2. Preheat oven to 325 degrees. Finely zest and juice 2 lemons. Juice remaining lemon. Heat oil in a large Dutch oven over medium-high heat. Sear brisket until browned on all sides, about 10 minutes. Pour lemon juice over brisket, and add enough water to come halfway up the sides of the meat (2 to 3 cups). Raise heat to high, and bring to a boil.
  3. Braise brisket, covered, in oven for 1 hour 15 minutes. Flip brisket, add remaining garlic paste, and continue braising until brisket is easily shredded with a fork, about 1 hour. Stir in reserved zest. Braise, uncovered, for 10 minutes more. (If the sauce seems too thin or not flavorful enough, remove brisket, and bring to a boil until desired consistency and flavor are reached.)
  4. Make the gremolata: Toss together pomegranate seeds, parsley, chives, lemon zest, and garlic. Season with sea salt.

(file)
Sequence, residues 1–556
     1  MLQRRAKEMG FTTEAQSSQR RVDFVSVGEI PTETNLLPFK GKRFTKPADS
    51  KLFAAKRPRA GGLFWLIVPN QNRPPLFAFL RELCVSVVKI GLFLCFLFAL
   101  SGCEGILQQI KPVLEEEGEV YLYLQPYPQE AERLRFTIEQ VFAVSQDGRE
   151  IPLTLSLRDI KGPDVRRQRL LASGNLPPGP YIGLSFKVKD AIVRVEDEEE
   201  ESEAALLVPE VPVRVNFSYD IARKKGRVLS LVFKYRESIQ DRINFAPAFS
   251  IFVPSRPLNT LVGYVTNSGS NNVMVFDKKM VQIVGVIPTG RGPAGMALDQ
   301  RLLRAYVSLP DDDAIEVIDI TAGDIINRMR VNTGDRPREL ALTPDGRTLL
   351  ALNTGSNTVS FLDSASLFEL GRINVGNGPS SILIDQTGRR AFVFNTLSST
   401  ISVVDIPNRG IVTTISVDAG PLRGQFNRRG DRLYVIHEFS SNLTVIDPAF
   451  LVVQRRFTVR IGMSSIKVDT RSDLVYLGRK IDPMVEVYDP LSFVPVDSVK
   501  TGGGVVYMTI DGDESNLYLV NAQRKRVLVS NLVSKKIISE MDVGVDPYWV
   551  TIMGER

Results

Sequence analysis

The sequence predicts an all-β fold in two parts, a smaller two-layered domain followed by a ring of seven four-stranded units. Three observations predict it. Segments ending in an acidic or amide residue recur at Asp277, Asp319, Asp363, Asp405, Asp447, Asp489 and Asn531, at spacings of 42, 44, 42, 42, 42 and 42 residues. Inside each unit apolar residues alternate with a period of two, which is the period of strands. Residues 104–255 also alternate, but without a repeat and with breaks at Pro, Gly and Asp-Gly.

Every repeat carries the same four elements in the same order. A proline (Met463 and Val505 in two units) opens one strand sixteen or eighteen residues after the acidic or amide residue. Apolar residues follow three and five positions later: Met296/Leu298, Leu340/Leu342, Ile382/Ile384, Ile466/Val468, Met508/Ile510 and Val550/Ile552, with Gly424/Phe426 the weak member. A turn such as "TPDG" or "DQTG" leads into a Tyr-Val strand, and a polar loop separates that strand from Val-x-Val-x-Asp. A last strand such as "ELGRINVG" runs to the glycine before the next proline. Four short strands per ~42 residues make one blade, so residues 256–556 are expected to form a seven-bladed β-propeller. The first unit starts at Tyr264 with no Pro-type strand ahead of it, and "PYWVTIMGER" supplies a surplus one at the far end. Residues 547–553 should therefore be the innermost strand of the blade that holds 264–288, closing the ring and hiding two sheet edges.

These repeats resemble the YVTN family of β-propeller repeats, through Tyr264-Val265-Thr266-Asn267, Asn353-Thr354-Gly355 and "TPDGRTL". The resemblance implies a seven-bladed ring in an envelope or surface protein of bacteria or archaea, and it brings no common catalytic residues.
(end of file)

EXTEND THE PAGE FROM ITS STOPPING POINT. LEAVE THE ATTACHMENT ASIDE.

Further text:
5. Slice brisket. Serve with pan juices and pomegranate gremolata. Sometimes I do the gremolata sometimes I do not. I have made a quick mild lemon sauce that work but it was from the gut no recipe sorry.

Flat, Single or First cut Brisket Jewish style


If you don’t know a lot about brisket or even if you do my wife got this book for me over the holidays and I have to say it is one of the first cook books I have read starting at the beginning without just jumping to the recipes.

The Brisket Book: A Love Story with Recipes by Stephanie Piersonisket

Flat, Single or First cut Brisket Jewish style

I say Jewish style only because this was the way my Mom the “I’m not a Jewish princess” made it. My Aunt made a totally different style but we won’t go there.